Using advanced techniques

 
The following excerpt, courtesy of APress, is from Chapter 4 of the book "Active Directory Field Guide" written by Laura E. Hunter. Click for the complete book excerpt series or purchase the book.



Using Advanced Techniques

We'll close out the chapter with a few other Group Policy tricks that should be in any administrator's arsenal. This includes the ability to centrally configure permissions for all of your client workstations, as well as how to control membership to sensitive local and domain groups.

Controlling the Registry and File System

One of the largest headaches for most network admins is the need to secure large numbers of client workstations in a quick and efficient manner. We've already seen how you can import security templates into Group Policy to deploy network-based security settings like minimum password lengths and account lockout policies, but you can also use a GPO to enforce security standards on your users' local hard drives. By browsing to Computer Configuration → Windows Settings → Security Settings within the GPMC, you can add entries to the following Group Policy nodes:

  • System Services
  • Registry
  • File System

    In the case of System Services, you can define how local services will behave on system startup, and which users and groups have permission to start, stop, or modify those services. If you remember the Code Red and Nimda worms, they attacked many workstations that had the IIS services installed. In many cases, the owners of these workstations didn't even know that their machines were running an instance of the IIS web server, and so were taken completely by surprise when these network attacks hit. You can use the System Services node to universally disable a service like World Wide Web Publishing, Telnet, or any other service that really shouldn't be running on a workstation. That way, even if a virus or spyware program attempts to start the service, the malicious software will be unable to do so.

    The Registry and File System nodes allow you to set NTFS permissions on specific registry keys or file/folder paths. Simply add the full name of the Registry key or the folder path that you want to secure, and you'll see a familiar Properties sheet that will allow you to specify permissions just as though you were sitting at the console of the workstation itself. You'll also have the option to propagate the permissions to any subfolders or subkeys of the folder or key you specify.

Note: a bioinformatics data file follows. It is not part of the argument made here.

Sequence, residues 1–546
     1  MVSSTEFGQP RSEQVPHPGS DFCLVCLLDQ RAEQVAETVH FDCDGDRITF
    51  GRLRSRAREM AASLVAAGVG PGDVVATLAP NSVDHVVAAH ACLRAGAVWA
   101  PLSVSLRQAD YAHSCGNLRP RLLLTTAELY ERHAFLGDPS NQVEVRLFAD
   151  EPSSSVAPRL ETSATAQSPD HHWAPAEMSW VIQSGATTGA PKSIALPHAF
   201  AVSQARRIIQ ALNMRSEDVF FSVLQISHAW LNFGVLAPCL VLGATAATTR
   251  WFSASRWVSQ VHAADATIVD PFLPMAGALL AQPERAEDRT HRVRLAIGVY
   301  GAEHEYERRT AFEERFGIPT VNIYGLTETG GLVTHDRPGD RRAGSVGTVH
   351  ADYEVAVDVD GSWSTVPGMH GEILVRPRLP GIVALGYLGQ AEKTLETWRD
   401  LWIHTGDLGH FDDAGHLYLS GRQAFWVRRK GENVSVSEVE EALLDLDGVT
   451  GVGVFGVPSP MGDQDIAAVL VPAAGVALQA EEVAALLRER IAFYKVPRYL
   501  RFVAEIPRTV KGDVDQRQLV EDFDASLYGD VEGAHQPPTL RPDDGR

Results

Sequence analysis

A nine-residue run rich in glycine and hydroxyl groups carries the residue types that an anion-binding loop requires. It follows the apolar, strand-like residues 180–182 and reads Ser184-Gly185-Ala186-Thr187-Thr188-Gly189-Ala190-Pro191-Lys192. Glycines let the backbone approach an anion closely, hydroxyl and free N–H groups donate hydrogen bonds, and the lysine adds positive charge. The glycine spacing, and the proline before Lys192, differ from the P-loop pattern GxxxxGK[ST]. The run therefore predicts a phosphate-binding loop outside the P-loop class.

CAUTION: Note that none of these settings will create a service, Registry key, or file system path. These GPO settings are simply used to configure security on existing workstation configurations.

    Using Restricted Groups

    When you're protecting your domain and local user accounts, restricting membership to sensitive groups like Domain Admins, Enterprise Admins, and the like is absolutely critical. If malicious users, either external or internal, can somehow create an account for themselves that is a member of one of these groups, then the security of your entire Active Directory infrastructure can become irrevocably compromised. The solution to this is the use of restricted groups within Group Policy. By right-clicking the Computer Configuration Windows SettingsSecurity SettingsRestricted Groups node and selecting Add Group, you can specify the following information:

  • Which users or groups should belong to the restricted group, and
  • Which users or groups should not belong to the group

    Let's say you've restricted the Domain Admins group so that it can only contain the user accounts for yourself and two of your staff members. If you accidentally add (or delete) an account from Domain Admins membership, the Restricted Groups policy will re-create the membership list the next time that the policy is applied: every 90 minutes by default. You can also use this setting to restrict local group memberships on member servers and workstations.

    Click for the next excerpt in this series: SQL injection


    Click for the complete book excerpt series.
    This was first published in October 2005

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